I have yet to vote for a Republican presidential candidate in the 21st century, even though I’m a Republican-leaning Independent. But my voting status is about to change. I’ve stumbled into some ideas lately that will allow me peace of mind in voting for Romney this coming Tuesday. Granted, my vote may not mean much in the larger scheme of things. But it means something to me. It’s about one’s conscience in performing civic duties.
Congress appeared taken by surprise in October of 2008 as the financial crisis on Wall Street unfolded. Congress was in a state of shock and awe, amazed to see their policymaking implicated in the speculative bubble and its collapse. But why were they surprised? How did these legislative engineers fail to see the hazards of their fiscal deficits? Had they been pawns? Were they errantly advised? Or were they led astray by false theories and their own greed?
In 2009 the leading issue of moral hazard was “too big to fail.” Not surprisingly, the more things change, the more they stay the same. As the congressional bank hearings of 2010 unfold, the new touchstone of moral hazard is “too big to discipline.” The heads of Morgan Stanley, J.P Morgan and Bank of America argue that they cannot be reproved in practice or disciplined by being broken up because their gargantuan size is necessary for the health of American banking in a global environment. ‘Make us pay, and you’ll pay,’ is their mantra!
Purportedly, President Obama may attempt to shift the focus of the G20 summit from banking improprieties to a rebalancing of trade. While a restructuring of trade is important, Obama is out-of-step with the American public if he diverts attention from the need to cap bank bonuses, heighten scrutiny of hedge funds, and corral the shadow banking system. Recent reports of a power regrowth in the investment banking sector lend support to this concern.
Did Wall Street quake when President Obama recently addressed its elites on the one year anniversary of the Lehman Brothers collapse? Hardly. If anything, some on Wall Street were heartened by discrete assurances that reforms would not go deeply into the evolved architecture of capitalism.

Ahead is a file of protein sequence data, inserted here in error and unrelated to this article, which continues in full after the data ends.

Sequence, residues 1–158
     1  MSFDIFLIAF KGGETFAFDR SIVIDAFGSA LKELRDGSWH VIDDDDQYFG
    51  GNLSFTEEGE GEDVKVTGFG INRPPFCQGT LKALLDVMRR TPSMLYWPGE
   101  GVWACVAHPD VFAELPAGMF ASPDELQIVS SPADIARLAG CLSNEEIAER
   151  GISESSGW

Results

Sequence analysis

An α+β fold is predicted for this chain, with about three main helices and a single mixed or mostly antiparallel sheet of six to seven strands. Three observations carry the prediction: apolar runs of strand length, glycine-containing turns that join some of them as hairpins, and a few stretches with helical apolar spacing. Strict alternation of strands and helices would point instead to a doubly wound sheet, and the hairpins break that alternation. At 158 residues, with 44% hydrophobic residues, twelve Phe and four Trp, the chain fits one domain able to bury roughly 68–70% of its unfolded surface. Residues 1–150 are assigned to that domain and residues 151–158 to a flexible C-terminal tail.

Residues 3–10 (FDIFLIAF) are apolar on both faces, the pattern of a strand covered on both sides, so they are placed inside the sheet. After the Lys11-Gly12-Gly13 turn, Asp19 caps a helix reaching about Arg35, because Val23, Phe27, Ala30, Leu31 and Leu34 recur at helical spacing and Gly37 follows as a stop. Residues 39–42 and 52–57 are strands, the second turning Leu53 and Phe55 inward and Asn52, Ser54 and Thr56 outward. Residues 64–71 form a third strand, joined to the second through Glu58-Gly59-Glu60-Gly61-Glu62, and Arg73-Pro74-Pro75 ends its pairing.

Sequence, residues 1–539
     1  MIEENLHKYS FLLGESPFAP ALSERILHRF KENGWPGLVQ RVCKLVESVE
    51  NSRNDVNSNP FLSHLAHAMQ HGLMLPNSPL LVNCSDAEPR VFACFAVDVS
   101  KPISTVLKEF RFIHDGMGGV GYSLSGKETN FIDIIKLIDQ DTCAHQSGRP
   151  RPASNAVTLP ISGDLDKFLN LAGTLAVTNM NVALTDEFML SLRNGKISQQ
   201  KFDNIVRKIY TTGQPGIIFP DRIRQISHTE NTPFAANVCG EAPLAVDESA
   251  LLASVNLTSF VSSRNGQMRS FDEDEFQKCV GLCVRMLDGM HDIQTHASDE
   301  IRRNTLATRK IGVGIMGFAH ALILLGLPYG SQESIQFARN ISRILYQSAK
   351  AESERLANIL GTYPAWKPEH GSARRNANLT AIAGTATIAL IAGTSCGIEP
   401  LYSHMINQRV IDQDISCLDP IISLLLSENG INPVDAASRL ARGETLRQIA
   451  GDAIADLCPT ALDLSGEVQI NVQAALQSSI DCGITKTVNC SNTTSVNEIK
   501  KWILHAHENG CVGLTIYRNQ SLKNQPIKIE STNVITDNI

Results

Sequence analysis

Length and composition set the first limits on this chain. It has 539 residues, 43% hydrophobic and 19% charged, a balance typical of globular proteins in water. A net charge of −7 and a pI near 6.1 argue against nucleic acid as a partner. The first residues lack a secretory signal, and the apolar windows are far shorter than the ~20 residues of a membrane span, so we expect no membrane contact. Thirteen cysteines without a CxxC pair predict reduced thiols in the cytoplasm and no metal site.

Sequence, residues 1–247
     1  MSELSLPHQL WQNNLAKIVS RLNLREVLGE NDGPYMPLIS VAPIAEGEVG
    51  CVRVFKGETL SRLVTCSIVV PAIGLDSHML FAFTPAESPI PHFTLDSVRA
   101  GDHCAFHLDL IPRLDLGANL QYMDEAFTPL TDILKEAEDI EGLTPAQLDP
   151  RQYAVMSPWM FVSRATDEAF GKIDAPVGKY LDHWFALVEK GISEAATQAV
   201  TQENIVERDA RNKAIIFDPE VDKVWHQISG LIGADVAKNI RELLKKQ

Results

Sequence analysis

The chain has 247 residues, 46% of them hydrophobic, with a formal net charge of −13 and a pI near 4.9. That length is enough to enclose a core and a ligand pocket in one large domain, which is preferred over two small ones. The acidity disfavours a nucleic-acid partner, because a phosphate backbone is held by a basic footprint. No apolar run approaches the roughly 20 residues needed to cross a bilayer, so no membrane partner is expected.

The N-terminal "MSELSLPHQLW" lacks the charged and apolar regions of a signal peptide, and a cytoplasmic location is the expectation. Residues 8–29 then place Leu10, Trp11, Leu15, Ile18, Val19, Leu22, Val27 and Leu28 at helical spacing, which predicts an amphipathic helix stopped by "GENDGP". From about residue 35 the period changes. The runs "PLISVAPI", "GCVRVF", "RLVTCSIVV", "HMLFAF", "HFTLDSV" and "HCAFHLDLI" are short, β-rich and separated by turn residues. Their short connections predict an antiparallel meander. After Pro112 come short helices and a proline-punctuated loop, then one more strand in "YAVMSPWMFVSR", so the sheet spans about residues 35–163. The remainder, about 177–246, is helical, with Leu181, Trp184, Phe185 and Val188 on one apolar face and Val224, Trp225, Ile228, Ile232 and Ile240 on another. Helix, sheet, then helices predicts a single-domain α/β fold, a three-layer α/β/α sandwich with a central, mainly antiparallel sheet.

In September, 1901, Vice-President Teddy Roosevelt uttered his memorable adage, “speak softly but carry a big stick.” Shortly thereafter, President McKinley was assassinated by an anarchist, making TR at age 42 America’s 26th president. As president he failed to speak softly at times but did carry an executive bludgeon. His legacy still shines because he swatted at the insolence of his own party as well as Democratic interests. Our current president would do well to consider Teddy Roosevelt’s example in matters of economic justice.
President Obama’s national health care agenda is big, bad, and bold. It is also better in various important respects than what we have currently. However, it is fatally flawed. The seriousness of the flaws outweighs the plan’s efficacies and virtues. As a result, the U.S. Congress should reject this legislation and address the fact that the nation consumes too much expensive but ineffectual health care.
President Obama's financial regulatory reforms will bring positive, meaningful changes to the way Wall Street does business. For this he should be commended. Nevertheless, the reforms fail to do enough, are not suitably instrumented, and sidestep systemic change. The reforms serve to affirm Wall Street's position, increasing the odds that Wall Street's grip over America will continue. This means more elitism and less true justice. The wealth and power gap between working Americans and the privileged elites of Manhattan Island will remain unjustifiably wide.
Will the U.S. government get its budget deficit under control? A great deal depends upon what the stock market does — a market that may be entering a “boar market” phase where unpredictability is the tusked creature’s game. Stock market action over the last six weeks has been predictably bullish because of the consistent investment activity of trend following systems following the March technical reversal.
The goal of sustainable ecology means little without a commitment to sustainable economics. In economics the biggest issue of sustainability ought to be the right-sizing of an economy. An unsustainable economy is one that booms through the provision of debt additions, the health of the capital markets themselves becoming conditioned on the speculative idea of growth. Our unsustainable economy will in a few years produce unsustainable environmental policies, both coalescing to put us in worse circumstances than we find ourselves now.